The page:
Parliament looks set to give effect to ‘Harper’s Law’ by which anyone responsible for the killing (but not the murder) of a police officer or other emergency worker would receive a mandatory life sentence. This follows the widespread, understandable outrage at the circumstances in which PC Andrew Harper met his death whilst on duty and the public support for the campaign of his widow to have the sentencing law changed.
Of course, any police officer or emergency worker seeking to fulfil a public duty deserves added protection and those responsible for assaulting or killing them deserve severe punishment. The issue with this proposed change in the law, however, is whether a ‘one size fits all’ sentence can always do justice in the myriad of circumstances where the offence is manslaughter rather than murder.
Police and prison officers are already afforded additional deterrent protection if they are murdered. Schedule 21 to the Sentencing Act 2020 provides for a whole life order for anyone who murders a person in these categories, as opposed to a starting point of between 15 and 30 years for other murders, depending on the circumstances. Whilst the proposed new law makes a life sentence mandatory for a killing less than murder, there appears to be no proposal as to when, if at all, such a person should be eligible for release.
Further, the circumstances in which a person may be guilty of the manslaughter (as opposed to murder) of a police officer are far more wide ranging, covering as it does, amongst other circumstance, loss of control, diminished responsibility, and gross negligence. In each of these cases, the degree of culpability may be far lower than for murder yet it is now going to attract the same sentence. That, to many people, will not seem just.
Someone suffering from acute mental illness may take the life of another and be able to advance a defence of diminished responsibility, reducing what would otherwise be murder to manslaughter. The sentencing judge may feel that protection of the public and treatment for the defendant is a greater priority than punishment, leading them to impose a hospital order with a restriction or a hybrid order. If the person losing their life is a police officer or other emergency worker, under the new proposals a mandatory life sentence would have to be imposed.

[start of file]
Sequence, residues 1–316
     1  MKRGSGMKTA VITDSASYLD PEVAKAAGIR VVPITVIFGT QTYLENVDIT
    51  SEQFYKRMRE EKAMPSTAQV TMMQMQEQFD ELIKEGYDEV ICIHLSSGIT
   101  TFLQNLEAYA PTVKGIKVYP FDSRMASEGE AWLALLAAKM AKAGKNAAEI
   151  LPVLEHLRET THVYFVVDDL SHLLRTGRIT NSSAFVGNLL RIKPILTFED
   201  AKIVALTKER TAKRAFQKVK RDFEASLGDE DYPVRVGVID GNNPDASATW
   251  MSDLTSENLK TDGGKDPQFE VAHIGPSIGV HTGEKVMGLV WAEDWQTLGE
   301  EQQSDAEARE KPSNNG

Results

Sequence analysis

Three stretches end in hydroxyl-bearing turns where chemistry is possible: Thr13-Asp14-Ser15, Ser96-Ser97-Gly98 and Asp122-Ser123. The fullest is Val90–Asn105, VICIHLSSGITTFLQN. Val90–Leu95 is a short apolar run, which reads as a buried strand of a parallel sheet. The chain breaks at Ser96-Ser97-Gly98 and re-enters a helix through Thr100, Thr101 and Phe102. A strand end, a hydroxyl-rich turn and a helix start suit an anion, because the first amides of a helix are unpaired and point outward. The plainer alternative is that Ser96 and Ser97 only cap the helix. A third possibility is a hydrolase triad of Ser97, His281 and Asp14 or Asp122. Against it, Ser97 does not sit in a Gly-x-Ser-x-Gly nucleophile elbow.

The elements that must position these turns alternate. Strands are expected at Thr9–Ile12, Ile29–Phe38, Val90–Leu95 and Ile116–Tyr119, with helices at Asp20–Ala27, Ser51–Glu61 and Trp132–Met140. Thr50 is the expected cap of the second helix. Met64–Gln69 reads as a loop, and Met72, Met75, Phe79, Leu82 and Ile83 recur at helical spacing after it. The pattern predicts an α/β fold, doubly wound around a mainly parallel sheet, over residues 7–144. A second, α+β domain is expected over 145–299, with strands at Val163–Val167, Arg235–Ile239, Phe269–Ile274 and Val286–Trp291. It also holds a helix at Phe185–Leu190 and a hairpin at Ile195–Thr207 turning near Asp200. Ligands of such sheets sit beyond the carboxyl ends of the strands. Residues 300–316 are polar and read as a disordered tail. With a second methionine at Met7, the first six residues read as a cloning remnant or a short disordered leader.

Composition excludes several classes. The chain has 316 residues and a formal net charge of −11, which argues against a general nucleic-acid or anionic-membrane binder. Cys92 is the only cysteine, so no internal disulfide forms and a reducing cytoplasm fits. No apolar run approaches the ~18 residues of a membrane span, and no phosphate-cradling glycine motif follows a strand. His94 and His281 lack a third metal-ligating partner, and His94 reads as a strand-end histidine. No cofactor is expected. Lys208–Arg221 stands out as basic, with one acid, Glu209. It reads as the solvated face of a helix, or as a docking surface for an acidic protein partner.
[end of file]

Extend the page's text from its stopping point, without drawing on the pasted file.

Someone driving at speed through a village is flagged down by a traffic officer, who steps out into the road to do so. The car hits them, causing death. The driver is potentially grossly negligent by driving in such a manner and therefore guilty of manslaughter. He is now at risk of a mandatory life sentence, whereas if prosecuted for causing death by dangerous driving, the same would not apply. Will this bring about a change in charging policy on the part of the Crown Prosecution Service?
The sentiment behind the Harper’s Law campaign is one that no doubt everyone can relate to and sympathise with but the picture is a far more complex one than may be immediately apparent. Parliament will need to scrutinise the proposals with considerable care.
Simon Spence QC is a Criminal Barrister at Red Lion Chambers